A Pekingese named Wasabi nabbed U.S. dogdom’s most prestigious prize after winning the big American Kennel Club National Championship in 2019.TAP TO UNMUTE
TARRYTOWN, N.Y. — The flavor of the year at the Westminster Kennel Club dog show: Wasabi.
A Pekingese named Wasabi won best in show Sunday night, notching a fifth-ever win for the unmistakable toy breed. A whippet named Bourbon repeated as runner-up.
Waddling through a small-but-mighty turn in the ring, Wasabi nabbed U.S. dogdom’s most prestigious prize after winning the big American Kennel Club National Championship in 2019.
“He has showmanship. He fits the breed standard. He has that little extra something, that sparkle, that sets a dog apart,” said Wasabi’s handler, breeder and co-owner, David Fitzpatrick. Show judge Patricia Trotter said simply: “What’s not to like about this dog? … He stood there as though he was a lion.”
Fitzpatrick, of East Berlin, Pennsylvania, guided the Peke’s grandfather Malachy to the Westminster title in 2012. Still, he said, “I just don’t always think lightning is going to strike twice.”
How will Wasabi celebrate?
“He can have a filet mignon. And I’ll have Champagne,” Fitzpatrick said with a laugh.
The 3-year-old Pekingese, meanwhile, was “pretty nonchalant about the whole thing,” his handler said. Indeed, Wasabi laid down on the dais, occasionally looking up as if to see what the fuss was all about, as Fitzpatrick spoke before a cluster of reporters and cameras.
It was a poignant win that came after one of his co-owners, archaeologist Iris Love, died last year of COVID-19. Besides Fitzpatrick, the dog is also co-owned by Sandra Middlebrooks and Peggy Steinman.
Wasabi — the name derives from his mother, Sushi — came out on top of a finalist pack that also included Mathew the French bulldog, Connor the old English sheepdog, Jade the German shorthaired pointer, Striker the Samoyed, and a West Highland white terrier named Boy. Altogether, 2,500 champion dogs entered the show.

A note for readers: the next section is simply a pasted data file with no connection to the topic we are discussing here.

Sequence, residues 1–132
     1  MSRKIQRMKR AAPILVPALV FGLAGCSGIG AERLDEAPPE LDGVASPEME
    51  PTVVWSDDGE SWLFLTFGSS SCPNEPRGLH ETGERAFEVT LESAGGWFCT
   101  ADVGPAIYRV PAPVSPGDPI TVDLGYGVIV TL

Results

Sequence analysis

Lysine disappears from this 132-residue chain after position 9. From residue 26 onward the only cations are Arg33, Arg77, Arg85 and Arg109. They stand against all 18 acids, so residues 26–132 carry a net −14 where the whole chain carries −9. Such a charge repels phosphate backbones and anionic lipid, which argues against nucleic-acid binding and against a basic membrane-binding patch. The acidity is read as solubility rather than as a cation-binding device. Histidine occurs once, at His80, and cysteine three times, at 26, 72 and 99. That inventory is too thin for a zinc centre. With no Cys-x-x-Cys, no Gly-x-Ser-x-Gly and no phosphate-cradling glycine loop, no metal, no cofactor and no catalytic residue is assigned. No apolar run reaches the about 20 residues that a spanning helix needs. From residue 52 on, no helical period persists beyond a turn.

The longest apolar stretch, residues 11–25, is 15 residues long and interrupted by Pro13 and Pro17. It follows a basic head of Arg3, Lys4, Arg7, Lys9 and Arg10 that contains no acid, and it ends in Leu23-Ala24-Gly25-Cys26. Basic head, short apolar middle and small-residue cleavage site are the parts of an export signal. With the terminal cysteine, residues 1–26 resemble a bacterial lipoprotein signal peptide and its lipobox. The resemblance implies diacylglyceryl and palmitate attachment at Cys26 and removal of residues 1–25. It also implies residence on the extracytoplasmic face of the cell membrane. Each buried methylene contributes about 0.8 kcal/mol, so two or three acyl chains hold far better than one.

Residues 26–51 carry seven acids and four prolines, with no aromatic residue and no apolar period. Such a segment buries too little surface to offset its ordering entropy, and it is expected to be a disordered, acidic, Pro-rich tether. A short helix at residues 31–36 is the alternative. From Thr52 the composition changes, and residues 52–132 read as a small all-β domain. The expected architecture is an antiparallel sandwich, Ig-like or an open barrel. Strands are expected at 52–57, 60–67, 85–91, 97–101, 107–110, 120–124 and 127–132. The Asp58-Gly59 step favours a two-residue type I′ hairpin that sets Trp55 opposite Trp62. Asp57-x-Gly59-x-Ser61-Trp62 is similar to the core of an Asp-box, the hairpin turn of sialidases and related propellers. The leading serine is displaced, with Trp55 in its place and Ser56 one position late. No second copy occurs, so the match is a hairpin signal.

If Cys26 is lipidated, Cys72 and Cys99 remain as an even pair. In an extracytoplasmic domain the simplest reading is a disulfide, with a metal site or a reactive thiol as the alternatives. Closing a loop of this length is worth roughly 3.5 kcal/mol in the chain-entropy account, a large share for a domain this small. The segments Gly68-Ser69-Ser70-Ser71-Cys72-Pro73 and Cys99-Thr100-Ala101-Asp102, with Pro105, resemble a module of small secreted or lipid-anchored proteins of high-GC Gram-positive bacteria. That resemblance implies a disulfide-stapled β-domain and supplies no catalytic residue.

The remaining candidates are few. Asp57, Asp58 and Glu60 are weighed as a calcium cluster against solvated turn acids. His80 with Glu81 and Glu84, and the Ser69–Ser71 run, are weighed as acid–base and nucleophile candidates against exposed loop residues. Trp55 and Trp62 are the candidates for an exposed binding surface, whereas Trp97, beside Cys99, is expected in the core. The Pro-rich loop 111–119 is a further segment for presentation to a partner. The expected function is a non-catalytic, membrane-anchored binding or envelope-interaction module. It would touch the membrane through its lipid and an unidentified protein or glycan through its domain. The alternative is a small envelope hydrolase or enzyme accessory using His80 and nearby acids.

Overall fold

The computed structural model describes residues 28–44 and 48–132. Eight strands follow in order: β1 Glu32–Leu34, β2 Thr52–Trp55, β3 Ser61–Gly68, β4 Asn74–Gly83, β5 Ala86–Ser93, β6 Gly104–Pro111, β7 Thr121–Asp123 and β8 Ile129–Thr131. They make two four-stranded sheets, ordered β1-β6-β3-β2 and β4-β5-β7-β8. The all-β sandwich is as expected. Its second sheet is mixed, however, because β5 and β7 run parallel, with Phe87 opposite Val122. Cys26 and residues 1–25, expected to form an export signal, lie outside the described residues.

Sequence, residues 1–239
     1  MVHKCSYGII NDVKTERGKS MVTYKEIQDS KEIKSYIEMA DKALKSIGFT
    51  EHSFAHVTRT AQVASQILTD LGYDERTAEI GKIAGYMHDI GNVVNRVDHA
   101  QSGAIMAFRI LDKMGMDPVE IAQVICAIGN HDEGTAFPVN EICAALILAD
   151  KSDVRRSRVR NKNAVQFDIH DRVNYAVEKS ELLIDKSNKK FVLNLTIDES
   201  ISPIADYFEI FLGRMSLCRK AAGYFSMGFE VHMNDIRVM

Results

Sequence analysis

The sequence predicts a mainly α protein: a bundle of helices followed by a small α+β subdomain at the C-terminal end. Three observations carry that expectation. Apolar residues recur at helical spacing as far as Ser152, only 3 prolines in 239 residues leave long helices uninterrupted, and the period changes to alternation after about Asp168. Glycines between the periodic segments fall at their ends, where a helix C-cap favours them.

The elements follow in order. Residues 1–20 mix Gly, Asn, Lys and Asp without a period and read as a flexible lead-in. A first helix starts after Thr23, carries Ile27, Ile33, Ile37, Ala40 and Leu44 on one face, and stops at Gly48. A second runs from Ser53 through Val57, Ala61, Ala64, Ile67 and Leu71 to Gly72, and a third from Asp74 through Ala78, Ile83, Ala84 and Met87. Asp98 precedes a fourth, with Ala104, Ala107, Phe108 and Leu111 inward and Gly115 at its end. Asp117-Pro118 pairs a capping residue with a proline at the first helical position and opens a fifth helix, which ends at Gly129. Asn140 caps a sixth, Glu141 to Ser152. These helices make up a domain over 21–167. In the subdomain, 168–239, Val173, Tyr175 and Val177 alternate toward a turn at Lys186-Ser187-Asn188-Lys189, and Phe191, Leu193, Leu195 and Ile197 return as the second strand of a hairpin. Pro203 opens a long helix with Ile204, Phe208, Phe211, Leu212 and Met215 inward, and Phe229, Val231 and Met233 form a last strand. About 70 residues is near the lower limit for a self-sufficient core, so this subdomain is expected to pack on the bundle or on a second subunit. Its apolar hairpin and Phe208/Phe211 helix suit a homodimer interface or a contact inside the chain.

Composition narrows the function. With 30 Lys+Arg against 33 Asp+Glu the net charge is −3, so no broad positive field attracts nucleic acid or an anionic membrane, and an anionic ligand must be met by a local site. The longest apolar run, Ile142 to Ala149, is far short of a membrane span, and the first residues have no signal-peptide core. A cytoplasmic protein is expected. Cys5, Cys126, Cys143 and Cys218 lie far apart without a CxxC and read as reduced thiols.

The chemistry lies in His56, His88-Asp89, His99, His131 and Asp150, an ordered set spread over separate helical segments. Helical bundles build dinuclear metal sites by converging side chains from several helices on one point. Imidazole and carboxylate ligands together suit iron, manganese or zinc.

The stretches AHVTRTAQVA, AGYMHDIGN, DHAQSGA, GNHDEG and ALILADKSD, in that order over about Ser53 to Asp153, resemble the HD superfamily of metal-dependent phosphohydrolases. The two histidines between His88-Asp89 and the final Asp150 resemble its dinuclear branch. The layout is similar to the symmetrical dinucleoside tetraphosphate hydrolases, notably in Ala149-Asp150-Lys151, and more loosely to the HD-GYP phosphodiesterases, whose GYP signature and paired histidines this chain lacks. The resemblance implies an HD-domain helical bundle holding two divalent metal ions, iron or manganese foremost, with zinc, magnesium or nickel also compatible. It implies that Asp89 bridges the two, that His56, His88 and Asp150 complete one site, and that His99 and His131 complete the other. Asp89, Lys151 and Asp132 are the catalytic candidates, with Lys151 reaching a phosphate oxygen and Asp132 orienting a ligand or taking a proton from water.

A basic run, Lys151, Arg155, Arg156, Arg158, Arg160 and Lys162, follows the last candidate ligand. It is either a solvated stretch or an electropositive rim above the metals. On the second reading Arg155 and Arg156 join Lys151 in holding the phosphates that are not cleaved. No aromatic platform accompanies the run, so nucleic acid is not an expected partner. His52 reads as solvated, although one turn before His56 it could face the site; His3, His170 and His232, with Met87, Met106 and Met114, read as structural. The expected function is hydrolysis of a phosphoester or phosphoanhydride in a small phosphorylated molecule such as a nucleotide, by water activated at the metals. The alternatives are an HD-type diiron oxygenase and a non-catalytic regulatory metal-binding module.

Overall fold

It underwent big changes this year because of the coronavirus pandemic, moving out of New York City for the first time since the show’s 1877 founding. This year’s show was held outdoors at an estate in suburban Tarrytown, about 25 miles north of where the top ribbon is usually presented at Madison Square Garden, and it happened in June instead of February.
In a sign of the pandemic times, some handlers wore masks — though vaccinated people were allowed to go without — and the show was closed to the public.
“It’s a miracle that they even had this show,” Fitzpatrick said.
Striker went into the show as the top-ranked U.S. dog, with more than 40 best in show wins since January 2020. And Bourbon had also won the AKC National Championship.
The show was bittersweet for Jade’s handler and co-owner, Valerie Nunes-Atkinson. She guided Jade’s father, CJ, to a 2016 Westminster best in show win — and lost him last September, when the 7-year-old died unexpectedly of a fungal infection.
“The good part about it is: He’s left an incredible legacy,” said Nunes-Atkinson, of Temecula, California. She said Jade “had my heart” from birth.
Boy had come a long way to Westminster — all the way from Thailand, where one of his owners was watching from Bangkok, according to handler Rebecca Cross.
“He always makes us laugh,” said Cross, of Gettysburg, Pennsylvania.
For many dog owners, just making it to Westminster is a thrill — even for baseball’s all-time home run leader, Barry Bonds, who was cheering on a miniature schnauzer he owns with sister Cheryl Dugan.
The dog, Rocky, didn’t win his breed, but the slugger said he was proud of Rocky simply for qualifying for the champions-only show.
“We won because we got here. That’s all that matters,” Bonds told Fox Sports. “I’ve been to a lot of playoffs, and I’ve been to the World Series, and I’ve never won. But for 22 years, I kept trying.”
The 56-year-old Bonds holds baseball’s career home run record with 762, though his feat was clouded by allegations of steroid use — he denied knowingly taking them.
While semifinal and final rounds were held in a climate-controlled tent, earlier parts of the competition unfolded on the grass at an estate called Lyndhurst.
Douglas Tighe, who handled a Brittany named Pennie second place in the sporting group, says he just goes with it if his dogs get distracted by birds and other attractions in the great outdoors.
“Let them have fun,” said Tighe, of Hope, New Jersey. “That’s what it’s all about.”
That’s what it’s about to Kole Brown, too. At age 9, he showed a bull terrier named Riley on Sunday alongside his parents, Kurtis Brown and U.S. Air Force Capt. Samantha Brown, and some of the family’s other bull terriers.
“I have a lot of fun with this sport,” said Kole, of San Antonio, Texas. “Every single time I go into the ring, I have a smile on my face.”